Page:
It’s a Super Food! Super food – a popular buzzword in the nutrition industry, designed to peak your interest in less popular but highly nutritive foods. Like spinach, for example. Personally, I’m not a fan of spinach unless it’s in a dip, but that sort of defeats the purpose. And that’s the real push of the whole “super food” campaign – to try to get people to try foods out of their comfort zone by promoting them as avenues to health.
I will admit to being pretty stodgy in my veggie and grain experimentation in my young adult years. Exotic grains were more likely to be found in the liquid I drank on a Saturday night than on my plate, and I thought corn was the only ‘vegetable’ that mattered. I was more likely to eat foods that came from a chemists lab than from a farmer’s field.
And now, here I am, so much older and wiser (well, for sure OLDER), touting the benefits of super foods and about to give you some recipes of my favorites. Please note that many of my recipes will not have sugar or flour in them, but they may have gluten (some whole grains, like barley, have gluten in them), dairy or eggs. My main goal isn’t to adhere to any specific plan, but to give you the opportunity to try healthy alternatives to processed foods.
Two of these are foods that I like, have made in the past, and will make again. Most likely, you may have eaten them already too, especially the first one I list. The last one is something I experimented with over the weekend, and I am not sure I will make again.
1. Sweet Potato Fries – this is very popular in restaurants now, even ones that offer more mainstream entrées. Feel the Force of the Super Food, Luke.
4 medium sweet potatoes / 1.5 tablespoons of olive oil / 1/4 teaspoon paprika / 1/2 teaspoon of salt / pinch cayenne pepper
Preheat oven to 450. Cut potatoes in to wedges and place in large bowl. Drizzle with olive oil and sprinkle with paprika, salt and cayenne pepper. Toss to coat evenly. Arrange in single layers on cookie sheets and bake 25 minutes.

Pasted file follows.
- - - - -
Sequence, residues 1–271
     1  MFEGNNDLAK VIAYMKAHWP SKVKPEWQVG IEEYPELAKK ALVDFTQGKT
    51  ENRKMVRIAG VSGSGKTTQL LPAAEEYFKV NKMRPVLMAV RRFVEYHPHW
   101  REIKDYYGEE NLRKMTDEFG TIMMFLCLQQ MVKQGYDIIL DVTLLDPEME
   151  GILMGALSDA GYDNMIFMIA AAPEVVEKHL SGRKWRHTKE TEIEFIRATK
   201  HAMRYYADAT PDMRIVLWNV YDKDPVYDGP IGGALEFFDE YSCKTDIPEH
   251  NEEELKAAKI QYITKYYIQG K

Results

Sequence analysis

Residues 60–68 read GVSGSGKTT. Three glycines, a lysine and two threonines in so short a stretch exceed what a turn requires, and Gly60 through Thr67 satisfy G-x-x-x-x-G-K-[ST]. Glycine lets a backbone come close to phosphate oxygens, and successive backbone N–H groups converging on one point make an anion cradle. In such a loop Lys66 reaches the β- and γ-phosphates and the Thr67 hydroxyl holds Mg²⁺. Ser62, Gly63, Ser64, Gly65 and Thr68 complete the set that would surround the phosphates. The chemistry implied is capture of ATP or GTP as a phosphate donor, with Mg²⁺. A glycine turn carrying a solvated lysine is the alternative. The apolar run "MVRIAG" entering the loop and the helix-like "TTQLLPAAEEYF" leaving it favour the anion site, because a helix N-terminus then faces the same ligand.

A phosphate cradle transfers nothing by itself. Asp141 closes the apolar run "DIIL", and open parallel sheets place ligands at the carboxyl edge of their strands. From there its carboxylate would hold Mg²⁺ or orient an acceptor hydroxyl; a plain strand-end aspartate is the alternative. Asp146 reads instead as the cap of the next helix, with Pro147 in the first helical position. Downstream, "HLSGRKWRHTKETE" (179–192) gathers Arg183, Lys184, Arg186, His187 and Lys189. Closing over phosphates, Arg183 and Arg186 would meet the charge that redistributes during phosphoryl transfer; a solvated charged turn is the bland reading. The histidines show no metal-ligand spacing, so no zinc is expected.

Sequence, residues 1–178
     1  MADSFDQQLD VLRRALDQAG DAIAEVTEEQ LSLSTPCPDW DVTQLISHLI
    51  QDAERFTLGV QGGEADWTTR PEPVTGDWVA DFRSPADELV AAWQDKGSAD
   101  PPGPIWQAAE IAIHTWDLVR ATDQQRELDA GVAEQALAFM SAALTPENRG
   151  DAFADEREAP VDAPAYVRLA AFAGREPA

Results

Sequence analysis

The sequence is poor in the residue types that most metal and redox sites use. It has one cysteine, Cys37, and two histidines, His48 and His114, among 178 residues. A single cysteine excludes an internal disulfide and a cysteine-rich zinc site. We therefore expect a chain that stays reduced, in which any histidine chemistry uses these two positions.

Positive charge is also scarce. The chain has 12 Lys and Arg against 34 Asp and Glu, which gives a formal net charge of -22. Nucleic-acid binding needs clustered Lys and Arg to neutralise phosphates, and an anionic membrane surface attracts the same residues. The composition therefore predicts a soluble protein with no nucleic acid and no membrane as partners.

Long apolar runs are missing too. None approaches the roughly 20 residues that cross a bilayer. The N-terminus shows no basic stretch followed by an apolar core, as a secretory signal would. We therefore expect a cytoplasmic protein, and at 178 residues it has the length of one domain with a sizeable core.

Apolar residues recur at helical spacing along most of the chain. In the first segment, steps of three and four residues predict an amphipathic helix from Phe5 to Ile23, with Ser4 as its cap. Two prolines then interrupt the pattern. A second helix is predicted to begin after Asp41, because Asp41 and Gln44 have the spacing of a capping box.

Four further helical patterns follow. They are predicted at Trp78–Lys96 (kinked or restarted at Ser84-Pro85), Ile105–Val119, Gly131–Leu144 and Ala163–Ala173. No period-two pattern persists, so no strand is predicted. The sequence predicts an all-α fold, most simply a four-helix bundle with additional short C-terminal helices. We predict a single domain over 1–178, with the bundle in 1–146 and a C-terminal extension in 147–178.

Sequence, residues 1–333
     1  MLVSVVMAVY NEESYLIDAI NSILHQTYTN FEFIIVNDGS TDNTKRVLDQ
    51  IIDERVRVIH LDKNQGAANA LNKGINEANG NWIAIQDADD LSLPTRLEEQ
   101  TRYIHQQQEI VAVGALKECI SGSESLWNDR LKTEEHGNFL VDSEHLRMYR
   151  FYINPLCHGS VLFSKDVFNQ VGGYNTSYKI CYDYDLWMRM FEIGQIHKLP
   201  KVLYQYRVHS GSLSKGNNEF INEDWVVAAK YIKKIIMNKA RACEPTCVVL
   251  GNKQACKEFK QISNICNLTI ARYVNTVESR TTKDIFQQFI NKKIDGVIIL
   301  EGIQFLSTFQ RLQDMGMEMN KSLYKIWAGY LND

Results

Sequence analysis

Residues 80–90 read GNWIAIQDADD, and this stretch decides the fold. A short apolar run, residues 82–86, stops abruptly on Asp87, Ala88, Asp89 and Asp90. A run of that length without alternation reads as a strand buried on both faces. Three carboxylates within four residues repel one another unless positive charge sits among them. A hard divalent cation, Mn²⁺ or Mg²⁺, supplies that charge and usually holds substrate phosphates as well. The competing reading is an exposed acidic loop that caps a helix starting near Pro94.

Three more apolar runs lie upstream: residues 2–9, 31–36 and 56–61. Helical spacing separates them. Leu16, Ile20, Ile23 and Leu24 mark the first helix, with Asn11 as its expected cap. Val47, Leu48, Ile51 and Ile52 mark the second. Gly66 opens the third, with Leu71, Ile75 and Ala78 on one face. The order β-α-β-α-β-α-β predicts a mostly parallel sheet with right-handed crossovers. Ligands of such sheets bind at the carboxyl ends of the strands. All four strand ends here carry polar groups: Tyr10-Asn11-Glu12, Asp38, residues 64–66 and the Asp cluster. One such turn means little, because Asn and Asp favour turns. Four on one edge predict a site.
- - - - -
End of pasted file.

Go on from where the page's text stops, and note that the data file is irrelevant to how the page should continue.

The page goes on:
2. Pumpkin custard (an alternative to pumpkin pie – a favorite of mine at Thanksgiving).
1 can evaporated skim milk / 12 oz can pumpkin / 4 eggs / 1/4 teaspoon each of cinnamon, nutmeg and ginger (or to taste) / sweetener (optional – I use agave nectar as a drizzle over the top when I eat it)
Beat all ingredients together and place in two mini casserole dishes that have been sprayed with non-stick spray. Put the casserole dishes in a larger pan with 1 inch of water (I actually never do this – I just pop the pans in the oven, but my OCD and anal retentiveness will not permit me to omit this step from the written recipe) and bake at 350 for about 30 minutes or until the custard is set (inserted knife comes out clean). Chill overnight (I don’t always do this either. I’m such a rebel.)
3. Kale chips
This is the new one I tried. I have eaten kale before – I tried it when I heard how many nutrients it contained. I wasn’t a huge fan – it has a pretty strong taste. But when a friend of mine posted on Facebook that she was making these, I decided to give kale another shot.
For those of you who are new to the nutrition game, kale is a leafy vegetable that looks rather like romaine lettuce on steroids. It’s not super popular, so you may have to check your larger grocery stores to find it.
Remove the leafy sections of the kale from the stalk. Rinse and pat dry. Lay as many leaves as you can in a single layer on a cookie sheet. Coat with olive oil (I use olive oil cooking spray – worked pretty slick if I do say so myself) and sprinkle with your choice of seasoning – I used Mrs. Dash table blend, salt and a little garlic. Bake at 350 for 10 minutes.
You know what? I mostly liked these, but I put way too much salt on them, and then I got lazy and didn’t make another batch. Also, a few of the chips had a stronger taste to them than some of the others, and I wasn’t sure I liked that. I think I will try them one more time and go easier on the salt!
Until next time!